OT improving radio reception

I've seen people reference a news group for radios and am wondering which one (found many radio related newsgroups). My questions relate to improving
AM/FM reception in a valley area. I can get the stations on the car radio but almost nothing in the house(wood frame). I have the standard antennas hooked up and want to do some research before I find myself at the mercy of the radio shack sales guy.
Thanks
Andrew V
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Andrew V wrote:

Take a look at what C.C. Crane may have to help you.
http://www.ccrane.com/news/am-reception.08.25.03.aspx
HTH,
Jeff
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Jeffry Wisnia

(W1BSV + Brass Rat '57 EE)
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which
improving
radio
antennas
of
I second the motion. I like to listen to distant AM at night and got one of the Twin Coil Ferrite Antennas. It worked wonders on my Nakamichi bedside clock radio which was already way ahead of the typical $20 Wal-mart special.
see http://www.ccrane.com/am-antenna.aspx
It is a well made, high-quality device that does for me everything the testimonials say about it. YMMV.
Randy
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Jeff Wisnia wrote:

I have their CC radio - and enjoy the improved range. Don't use it much, but it is within arms reach right now. In a storm, it can watch out for storm alerts and switch over to that signal when one is done.
I think it was a birthday one year... :-) IIRC.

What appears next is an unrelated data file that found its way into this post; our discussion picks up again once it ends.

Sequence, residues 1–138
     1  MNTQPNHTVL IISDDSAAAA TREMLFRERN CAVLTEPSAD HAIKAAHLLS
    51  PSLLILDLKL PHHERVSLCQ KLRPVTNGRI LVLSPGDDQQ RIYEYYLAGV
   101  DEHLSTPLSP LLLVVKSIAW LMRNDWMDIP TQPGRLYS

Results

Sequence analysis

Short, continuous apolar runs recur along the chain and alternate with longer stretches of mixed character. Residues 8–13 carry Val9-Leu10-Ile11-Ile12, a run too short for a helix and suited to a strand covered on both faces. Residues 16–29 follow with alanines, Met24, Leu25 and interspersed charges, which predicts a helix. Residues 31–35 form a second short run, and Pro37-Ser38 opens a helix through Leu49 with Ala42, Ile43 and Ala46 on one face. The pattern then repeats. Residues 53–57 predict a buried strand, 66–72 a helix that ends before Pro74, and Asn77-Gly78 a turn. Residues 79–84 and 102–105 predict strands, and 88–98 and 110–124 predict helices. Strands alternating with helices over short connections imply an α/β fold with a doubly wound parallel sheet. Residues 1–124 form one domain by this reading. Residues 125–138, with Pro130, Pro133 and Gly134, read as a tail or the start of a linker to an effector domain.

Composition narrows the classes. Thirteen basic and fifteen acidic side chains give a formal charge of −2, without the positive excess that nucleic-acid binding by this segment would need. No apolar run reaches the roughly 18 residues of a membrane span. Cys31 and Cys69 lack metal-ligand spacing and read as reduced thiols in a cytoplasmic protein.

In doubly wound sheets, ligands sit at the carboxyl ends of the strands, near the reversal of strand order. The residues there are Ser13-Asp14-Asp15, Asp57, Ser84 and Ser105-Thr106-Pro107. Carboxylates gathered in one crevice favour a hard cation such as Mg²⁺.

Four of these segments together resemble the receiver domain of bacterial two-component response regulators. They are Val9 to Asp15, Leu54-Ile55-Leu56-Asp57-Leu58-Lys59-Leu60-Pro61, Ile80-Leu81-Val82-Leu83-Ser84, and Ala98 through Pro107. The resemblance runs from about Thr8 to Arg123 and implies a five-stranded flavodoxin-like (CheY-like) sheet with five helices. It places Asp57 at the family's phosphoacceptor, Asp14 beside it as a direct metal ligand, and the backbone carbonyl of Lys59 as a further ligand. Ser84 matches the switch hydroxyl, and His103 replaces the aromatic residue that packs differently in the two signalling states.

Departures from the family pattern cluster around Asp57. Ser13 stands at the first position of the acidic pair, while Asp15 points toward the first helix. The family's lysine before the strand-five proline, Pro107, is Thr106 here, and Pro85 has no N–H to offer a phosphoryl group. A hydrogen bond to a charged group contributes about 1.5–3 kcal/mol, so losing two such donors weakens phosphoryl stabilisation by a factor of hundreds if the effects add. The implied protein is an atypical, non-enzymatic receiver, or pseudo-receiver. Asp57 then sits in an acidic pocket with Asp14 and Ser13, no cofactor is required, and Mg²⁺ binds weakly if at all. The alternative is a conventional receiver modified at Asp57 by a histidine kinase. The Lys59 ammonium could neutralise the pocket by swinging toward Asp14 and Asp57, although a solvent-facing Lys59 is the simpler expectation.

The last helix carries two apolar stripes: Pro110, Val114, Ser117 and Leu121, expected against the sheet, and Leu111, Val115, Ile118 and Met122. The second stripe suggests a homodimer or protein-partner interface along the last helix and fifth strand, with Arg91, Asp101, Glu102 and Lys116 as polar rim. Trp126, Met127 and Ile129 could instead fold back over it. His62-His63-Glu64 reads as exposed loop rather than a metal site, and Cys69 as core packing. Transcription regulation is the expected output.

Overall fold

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Martin Eastburn, Barbara Eastburn
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Andrew V wrote:

A standard TV antenna with an FM splitter on the downline will get you decent FM reception. I think AM will be a little tougher.
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Andrew V wrote:

AM radios work well with a long wire antenna. Get a long wire, copper 1/8" cable is good, and string it as straight as you can as long as you can as high as you can, and run one end of it to your AM antenna screw. I've done this and it really works. And remember this well -- you will NEVER get good antenna advice from some minimum wage pimple-faced flunk at Rat Shack! They know NOTHING about electronics! Stay entirely away from Radio Shack and you will be better off for it. I learned this a long time ago when I was going through electrical engineering school and they have gone downhill (waaaay downhill) since then. For advice, go to the Internet. For purchasing, look at reputable suppliers like Mouser, Parts Express, Digikey, or many others. - GWE
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1/8 inch diameter is a bit on the large size. R/S used to sell SW antenna kits iwth the insulators and a feed through. I think they've been discontinued.
Number 14 or 12 stranded wire works pretty well.
One end goes to a tree with an insulator (think cermamic, or piece of plexiglass) and the other end ties off to the house with a similar insulator.
Near the house there's a T-tap on the antenna which leads in to the radio.
I like to put the far end of the longwire through a pulley, and then down to a weight. That way ice storms don't rip them down.
Jim
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You can also go to your local farmers co-op and get aluminum electric fence and insulators cheap; the aluminum holds up to ice better than steel or copper and is cheaper to repair/replace.